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Reconciliation sought at Riel commemoration

By Andréa Ledding


At a reconciliation event held Nov. 16 commemorating the anniversary of the hanging of Louis Riel, the Francophone Federation of Saskatoon gave Métis performers their official sash, while the Gabriel Dumont Institute presented the Francophone Federation with a commemorative Métis sash. (Photo by Andréa Ledding)

SASKATOON — The Gabriel Dumont Institute and the Francophone Federation held a joint event on Nov. 16 at Station 20 West, commemorating the death of Louis Riel, celebrating Métis culture and heritage, and working on reconciliation between the two communities.

Elder Norman Fleury recounted the story of Josette Tourond, a contemporary of Riel and an example of the matriarchal system. “This is who we are,” said Fleury. “Our mothers and grandmothers were the powers in our communities.”

Madame Tourond was widowed at an early age with many children. Even so, the family ranched peacefully at Batoche until 1885. She lost three sons that year, and most of the rest in a tragic seven-year period that followed. All but one sick son and another who died at the age of three had been married with children. Tourond outlived them all, dying at the age of 97 in 1928.

“This is a survivor we’re talking about,” said Fleury. “Most of us are survivors.”

This is true of all indigenous peoples, he stated, whether it be the effects of war, genocide, the 60s Scoop, or the inter-generational effects of the residential schools.

The area of Tourond’s farm was known as Fish Creek, or Tourond’s Coulee. The Battle of Fish Creek on April 24, 1885, was a decisive victory for the Métis under Gabriel Dumont, but the farm was looted during the fighting. Incensed, Tourand crossed enemy lines to demand the return of her wagon and horses, which she needed for her elderly mother and infirm son. Awed by the actions of this fearless 52-year-old widow, the government troops gave them back.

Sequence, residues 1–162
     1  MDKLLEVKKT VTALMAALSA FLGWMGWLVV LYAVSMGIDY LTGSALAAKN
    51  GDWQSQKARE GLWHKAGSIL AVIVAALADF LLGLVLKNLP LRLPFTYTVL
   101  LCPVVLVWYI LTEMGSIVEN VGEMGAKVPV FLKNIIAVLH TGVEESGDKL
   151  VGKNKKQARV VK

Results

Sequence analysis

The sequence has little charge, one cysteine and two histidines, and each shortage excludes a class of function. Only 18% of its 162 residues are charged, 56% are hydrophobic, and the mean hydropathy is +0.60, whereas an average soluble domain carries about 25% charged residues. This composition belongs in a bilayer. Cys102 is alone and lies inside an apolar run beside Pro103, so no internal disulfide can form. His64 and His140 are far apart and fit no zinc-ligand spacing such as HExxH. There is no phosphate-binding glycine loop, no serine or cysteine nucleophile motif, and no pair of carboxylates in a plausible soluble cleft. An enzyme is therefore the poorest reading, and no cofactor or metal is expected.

Tourand was one of the first people Riel visited when he arrived in Batoche. He came to offer condolences to the widow on the loss of her husband and to seek support and encouragement for his own cause.

“We don’t have to pray for strong leaders like Josette Tourond,” Fleury said. “She’ll pray for us. We’re the ones that need prayers. So we ask in the spirit of Josette that something good happens this evening amongst us. We’re trying to repair those differences and those hurts.”

After the more solemn half of the evening, there was a break for food, followed by entertainment that included guitar music, jigging, fiddling, and dancing.

Before performing, Scott Duffee, who is related to Riel on his mother’s side, spoke about Riel’s gentle kindness, passed on through family stories. “What he brought was a spirit of inclusiveness and interconnectedness,” Duffee said. “He wanted us to live together and respect our distinct cultures, and relate to each other in a good way as fellow human beings.”

Duffee contrasted Riel’s spirit of inclusivity and compassion with the aggression and intolerance of Prime Minister John A. Macdonald and his supporters in Protestant Ontario. “He shall hang,” Macdonald declared of Riel, “though every dog in Quebec bark in his favour.”

The evening included messages of reconciliation and peace, acknowledging the commonalities between the two communities, and ending with an exchange of sashes. The Francophone Federation gave all the Métis performers their official sash, while Karon Shmon of GDI presented the Francophone Federation with a commemorative Métis sash.


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